An Open Letter Regarding The 2010 U.S. Assembly of Jews: Confronting Racism & Israeli Apartheid

International Jewish Anti-Zionist Network

In less than a month, people from across the United States and beyond will be gathering at the 2010 U.S. Assembly of Jews: Confronting Racism and Israeli Apartheid (the “Assembly”).

The Assembly is an historic event intended to build relationships, political clarity and Jewish anti-Zionist organizing and activism. It takes place at a time when recognition of the brutal nature of the State of Israel is growing, and increasing numbers of people are compelled to challenge its impunity. To date, the Assembly has over forty endorsers, anticipates two hundred participants, and has gained the interest of Palestinian, Palestinian solidarity and anti-racist movements in the United States, as well as the attention of mainstream Jewish media.

Given the stated purposes of the Assembly, we are expecting challenges to be leveled against it. IJAN, the main organizer of the Assembly, is already receiving criticism based on inaccurate assumptions or apparently different political goals. With this momentous event upon us, we would like to take a moment to make clear the principles, positions and goals of the Assembly and help correct or prevent misconceptions.

IJAN and the Assembly stand firmly against Zionism – the exclusionary colonial ideas, policies and practice that privilege Jews above, and at the expense of, Palestinian people. By extension we reject the Jewish nationalism that underlies Zionism, a nationalism that erases diverse Jewish histories and champions safety in separation, isolation and domination of others. We believe that true safety and long-term freedom can only be found in the emancipation of all people.

We expressly challenge Zionism’s monopolization of our diverse Jewish histories, politics, cultures and religious practices. We take strength from and join in the long tradition of Jewish commitment to human emancipation. Against the Zionist betrayal of this tradition and the hijacking of Jewish history, the Assembly is a collective act of Jews reasserting and reconnecting with a long history of participation in social justice movements.

In the same way that we reject Zionism’s inherent racism, we reject racism and hatred in any form and against any people or person. Thus we refuse to ally ourselves with anti-Jewish racists, white supremacists or Holocaust deniers. To do otherwise, would mean to embrace the Zionist strategy of conflating Judaism and Jewishness with Zionism, a tactic used to assume and even impose unconditional support of Jews for Israel regardless of that State’s actions. In our unequivocal rejection of Zionism, we do not and will not take part in actions that conflate Zionism and Judaism, whether intentionally or thoughtlessly. We believe that supporting Palestinian self-determination requires challenging Zionist ideas, policies and practice, not the practice of Judaism.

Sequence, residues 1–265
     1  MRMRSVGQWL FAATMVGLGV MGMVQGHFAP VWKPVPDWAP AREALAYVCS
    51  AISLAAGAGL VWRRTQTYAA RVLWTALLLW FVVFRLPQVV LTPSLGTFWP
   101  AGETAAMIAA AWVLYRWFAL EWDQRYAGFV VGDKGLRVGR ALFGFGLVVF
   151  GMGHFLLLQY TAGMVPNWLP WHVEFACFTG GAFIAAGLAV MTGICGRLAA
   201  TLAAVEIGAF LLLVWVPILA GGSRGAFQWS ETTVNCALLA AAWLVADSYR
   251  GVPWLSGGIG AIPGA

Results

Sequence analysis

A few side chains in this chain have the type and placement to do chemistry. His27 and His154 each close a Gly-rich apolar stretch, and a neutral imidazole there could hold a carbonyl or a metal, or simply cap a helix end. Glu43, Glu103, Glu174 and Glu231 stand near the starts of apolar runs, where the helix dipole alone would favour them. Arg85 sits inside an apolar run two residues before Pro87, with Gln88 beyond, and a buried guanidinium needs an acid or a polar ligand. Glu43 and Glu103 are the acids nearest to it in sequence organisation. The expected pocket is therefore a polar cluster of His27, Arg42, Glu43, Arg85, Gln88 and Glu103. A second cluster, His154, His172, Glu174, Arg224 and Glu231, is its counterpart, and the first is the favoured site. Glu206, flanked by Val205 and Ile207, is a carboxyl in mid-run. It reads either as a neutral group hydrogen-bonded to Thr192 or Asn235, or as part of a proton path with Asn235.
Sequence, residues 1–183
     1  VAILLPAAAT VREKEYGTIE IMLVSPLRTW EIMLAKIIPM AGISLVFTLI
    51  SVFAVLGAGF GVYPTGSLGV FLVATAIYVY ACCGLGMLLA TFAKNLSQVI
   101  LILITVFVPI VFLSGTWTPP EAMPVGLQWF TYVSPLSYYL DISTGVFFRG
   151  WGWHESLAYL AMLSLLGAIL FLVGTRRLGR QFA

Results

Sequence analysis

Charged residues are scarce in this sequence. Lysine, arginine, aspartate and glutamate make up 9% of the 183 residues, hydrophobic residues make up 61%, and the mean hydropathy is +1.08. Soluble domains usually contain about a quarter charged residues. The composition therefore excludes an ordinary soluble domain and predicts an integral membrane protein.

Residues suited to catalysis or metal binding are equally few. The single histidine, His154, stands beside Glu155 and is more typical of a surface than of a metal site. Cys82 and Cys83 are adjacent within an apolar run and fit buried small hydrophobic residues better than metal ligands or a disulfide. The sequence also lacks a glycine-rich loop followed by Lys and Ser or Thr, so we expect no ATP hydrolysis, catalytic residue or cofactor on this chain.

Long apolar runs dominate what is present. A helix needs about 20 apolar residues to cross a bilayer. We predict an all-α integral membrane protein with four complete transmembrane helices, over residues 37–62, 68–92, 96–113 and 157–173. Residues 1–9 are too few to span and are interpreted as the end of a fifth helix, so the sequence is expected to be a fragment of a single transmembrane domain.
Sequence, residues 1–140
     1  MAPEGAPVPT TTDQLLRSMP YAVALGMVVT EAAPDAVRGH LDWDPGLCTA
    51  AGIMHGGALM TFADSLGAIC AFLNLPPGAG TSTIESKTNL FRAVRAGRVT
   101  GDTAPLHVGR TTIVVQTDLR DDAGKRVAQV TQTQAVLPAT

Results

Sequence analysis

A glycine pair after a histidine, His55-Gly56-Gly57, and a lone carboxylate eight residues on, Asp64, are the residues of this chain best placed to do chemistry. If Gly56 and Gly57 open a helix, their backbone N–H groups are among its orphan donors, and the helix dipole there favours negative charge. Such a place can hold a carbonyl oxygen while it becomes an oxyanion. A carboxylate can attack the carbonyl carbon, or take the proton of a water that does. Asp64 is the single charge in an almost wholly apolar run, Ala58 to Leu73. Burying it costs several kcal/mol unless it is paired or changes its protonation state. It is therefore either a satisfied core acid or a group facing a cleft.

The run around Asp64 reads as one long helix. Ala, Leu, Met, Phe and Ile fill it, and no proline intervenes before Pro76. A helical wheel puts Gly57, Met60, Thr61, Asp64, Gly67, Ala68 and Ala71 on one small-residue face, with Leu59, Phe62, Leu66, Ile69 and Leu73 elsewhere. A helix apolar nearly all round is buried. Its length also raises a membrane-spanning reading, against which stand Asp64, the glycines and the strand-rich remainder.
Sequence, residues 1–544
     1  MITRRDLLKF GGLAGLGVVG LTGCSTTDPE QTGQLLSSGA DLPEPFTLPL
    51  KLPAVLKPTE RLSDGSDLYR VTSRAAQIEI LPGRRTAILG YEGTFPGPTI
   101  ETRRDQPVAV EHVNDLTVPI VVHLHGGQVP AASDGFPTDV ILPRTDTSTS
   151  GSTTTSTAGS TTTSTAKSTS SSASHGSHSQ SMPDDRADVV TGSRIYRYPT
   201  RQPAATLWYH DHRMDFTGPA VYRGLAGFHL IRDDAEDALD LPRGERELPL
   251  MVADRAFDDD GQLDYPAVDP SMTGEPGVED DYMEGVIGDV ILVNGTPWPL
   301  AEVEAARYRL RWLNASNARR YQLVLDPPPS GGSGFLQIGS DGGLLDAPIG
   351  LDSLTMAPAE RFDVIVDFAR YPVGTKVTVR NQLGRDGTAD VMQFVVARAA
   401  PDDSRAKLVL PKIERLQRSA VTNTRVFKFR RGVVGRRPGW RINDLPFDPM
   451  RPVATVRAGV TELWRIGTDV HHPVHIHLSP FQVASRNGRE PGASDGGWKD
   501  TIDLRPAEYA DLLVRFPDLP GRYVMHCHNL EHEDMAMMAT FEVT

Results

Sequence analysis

To ensure that we are neither divisive nor obtrusive guests in Detroit, the Assembly will not endorse participation in any political activities other than those developed through the collaborative national process of the organizing for it. We request Assembly participants not to be provoked by those who may attempt to undermine the objectives of the Assembly, including by calling for our participation in activities outside of and contradictory to it.

In addition, IJAN will not align itself with those who either seek to use the struggle against Zionism for their own ends, individual or collective, or who proclaim themselves anti-Zionist but whose divisive actions serve only to further a Zionist agenda, undermining Palestine solidarity work and anti-Zionist organizing. Rather, the Assembly is intended to promote the building of organized forces of Jews who can multiply and amplify efforts to overcome Zionism and decolonize Palestine, by working with and in support of the Palestinian struggle for liberation.

To that end, we welcome all who are 1) interested in supporting the organizing of anti-Zionist Jews as part of the broader Palestine solidarity movement and anti-racist, anti-imperialist organizing in the United States and beyond, 2) committed to the principles reflected in the Assembly’s purpose, goals, assumptions and expectations, and 3) able to express this commitment through participation that supports the goals and activities of the Assembly. While we welcome discussions on our continually evolving struggle to overcome the destructiveness, including of life and land, of Zionist principles, practices and policies, we will not tolerate attempts to disrupt, undermine, provoke or attack participants, speakers or facilitators.